Mutations in the SMC1A gene are responsible for a form of Cornelia de Lange syndrome (Cornelia de Lange syndrome 2; OMIM 300590), a clinically heterogeneous developmental disorder characterized by malformations affecting multiple systems (Deardorff et al., 2007). Phenotypic characterization of 51 individuals with SMC1A variants demonstrated that 6/6 individuals displayed socialization deficits (ranging from mild to profound) and 20/31 individuals (65%) exhibited stereotypic movements (Huisman et al., 2017); furthermore, 5 females from a cohort of 13 Dutch individuals with SMC1A variants presented with a phenotype similar to Rett syndrome: epileptic encephalopathy, severe or profound intellectual disability, stereotypic movements, and, in some cases, developmental regression.
The cohesin multiprotein complex is required for sister chromatid cohesion, a prerequisite for the correct segregation of chromosomes during cell division, and is composed partly of two structural maintenance of chromosomes (SMC) proteins: SMC3 and either SMC1B or the protein encoded by this gene. Most of the cohesin complexes dissociate from the chromosomes before mitosis, although those complexes at the kinetochore remain. Therefore, the encoded protein is thought to be an important part of functional kinetochores.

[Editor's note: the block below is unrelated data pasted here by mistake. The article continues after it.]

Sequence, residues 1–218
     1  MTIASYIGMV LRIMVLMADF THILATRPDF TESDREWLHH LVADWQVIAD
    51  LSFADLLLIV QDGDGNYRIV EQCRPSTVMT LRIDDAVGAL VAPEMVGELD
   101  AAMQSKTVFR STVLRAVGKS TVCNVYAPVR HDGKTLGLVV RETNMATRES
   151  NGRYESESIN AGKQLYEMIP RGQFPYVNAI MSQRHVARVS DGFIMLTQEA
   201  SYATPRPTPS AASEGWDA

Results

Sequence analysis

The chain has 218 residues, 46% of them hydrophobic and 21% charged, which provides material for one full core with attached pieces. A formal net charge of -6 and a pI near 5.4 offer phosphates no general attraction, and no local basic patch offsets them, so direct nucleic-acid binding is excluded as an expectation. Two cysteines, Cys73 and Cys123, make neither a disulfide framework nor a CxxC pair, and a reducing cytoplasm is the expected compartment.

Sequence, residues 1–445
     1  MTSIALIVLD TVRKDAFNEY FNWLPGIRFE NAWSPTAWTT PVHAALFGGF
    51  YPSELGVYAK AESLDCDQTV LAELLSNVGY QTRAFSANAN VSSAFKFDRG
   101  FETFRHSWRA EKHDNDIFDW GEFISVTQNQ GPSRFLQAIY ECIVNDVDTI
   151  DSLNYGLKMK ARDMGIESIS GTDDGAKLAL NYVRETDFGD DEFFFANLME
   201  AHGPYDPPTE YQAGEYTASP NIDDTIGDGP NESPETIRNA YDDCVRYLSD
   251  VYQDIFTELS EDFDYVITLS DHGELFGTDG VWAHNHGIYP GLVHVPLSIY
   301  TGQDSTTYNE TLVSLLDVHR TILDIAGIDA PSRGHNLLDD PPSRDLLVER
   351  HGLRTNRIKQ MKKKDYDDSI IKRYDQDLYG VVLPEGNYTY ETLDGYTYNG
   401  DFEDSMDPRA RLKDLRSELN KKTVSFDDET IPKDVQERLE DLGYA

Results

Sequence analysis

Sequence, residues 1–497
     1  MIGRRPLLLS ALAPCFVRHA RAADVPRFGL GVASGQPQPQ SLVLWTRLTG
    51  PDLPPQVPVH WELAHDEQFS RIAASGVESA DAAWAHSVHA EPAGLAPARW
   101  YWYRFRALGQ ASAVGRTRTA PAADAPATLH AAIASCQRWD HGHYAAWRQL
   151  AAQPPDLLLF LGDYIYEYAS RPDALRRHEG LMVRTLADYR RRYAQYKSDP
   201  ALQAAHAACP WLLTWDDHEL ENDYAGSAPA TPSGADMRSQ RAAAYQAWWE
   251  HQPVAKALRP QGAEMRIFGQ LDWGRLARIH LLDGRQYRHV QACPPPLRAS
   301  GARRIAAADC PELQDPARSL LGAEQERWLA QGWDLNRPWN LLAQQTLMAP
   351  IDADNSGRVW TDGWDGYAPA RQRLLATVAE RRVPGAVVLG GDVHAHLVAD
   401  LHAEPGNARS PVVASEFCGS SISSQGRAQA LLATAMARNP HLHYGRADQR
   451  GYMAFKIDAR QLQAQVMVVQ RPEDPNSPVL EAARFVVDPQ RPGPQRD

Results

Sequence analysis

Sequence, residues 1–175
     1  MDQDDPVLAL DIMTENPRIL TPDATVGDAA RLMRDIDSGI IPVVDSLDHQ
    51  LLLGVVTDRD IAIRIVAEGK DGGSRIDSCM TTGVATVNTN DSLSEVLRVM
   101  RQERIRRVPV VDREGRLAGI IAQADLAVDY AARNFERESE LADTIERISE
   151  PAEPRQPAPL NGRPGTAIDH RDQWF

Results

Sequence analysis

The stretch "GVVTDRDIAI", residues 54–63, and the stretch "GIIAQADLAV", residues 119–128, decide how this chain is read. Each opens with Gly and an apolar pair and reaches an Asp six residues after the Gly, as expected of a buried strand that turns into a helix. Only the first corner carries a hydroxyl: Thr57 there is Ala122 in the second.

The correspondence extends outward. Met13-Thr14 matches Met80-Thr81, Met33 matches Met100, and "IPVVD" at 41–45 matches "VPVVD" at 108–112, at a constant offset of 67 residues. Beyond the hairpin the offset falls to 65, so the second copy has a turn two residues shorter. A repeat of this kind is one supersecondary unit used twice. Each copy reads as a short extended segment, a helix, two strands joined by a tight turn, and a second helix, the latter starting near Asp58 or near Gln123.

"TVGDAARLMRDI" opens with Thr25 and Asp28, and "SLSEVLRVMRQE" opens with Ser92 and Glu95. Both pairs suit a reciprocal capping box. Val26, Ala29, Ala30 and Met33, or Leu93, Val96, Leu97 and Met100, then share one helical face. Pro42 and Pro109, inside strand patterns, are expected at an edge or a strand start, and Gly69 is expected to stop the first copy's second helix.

Type of Disorder
Phenotypes and genotypes in individuals with SMC1A variants.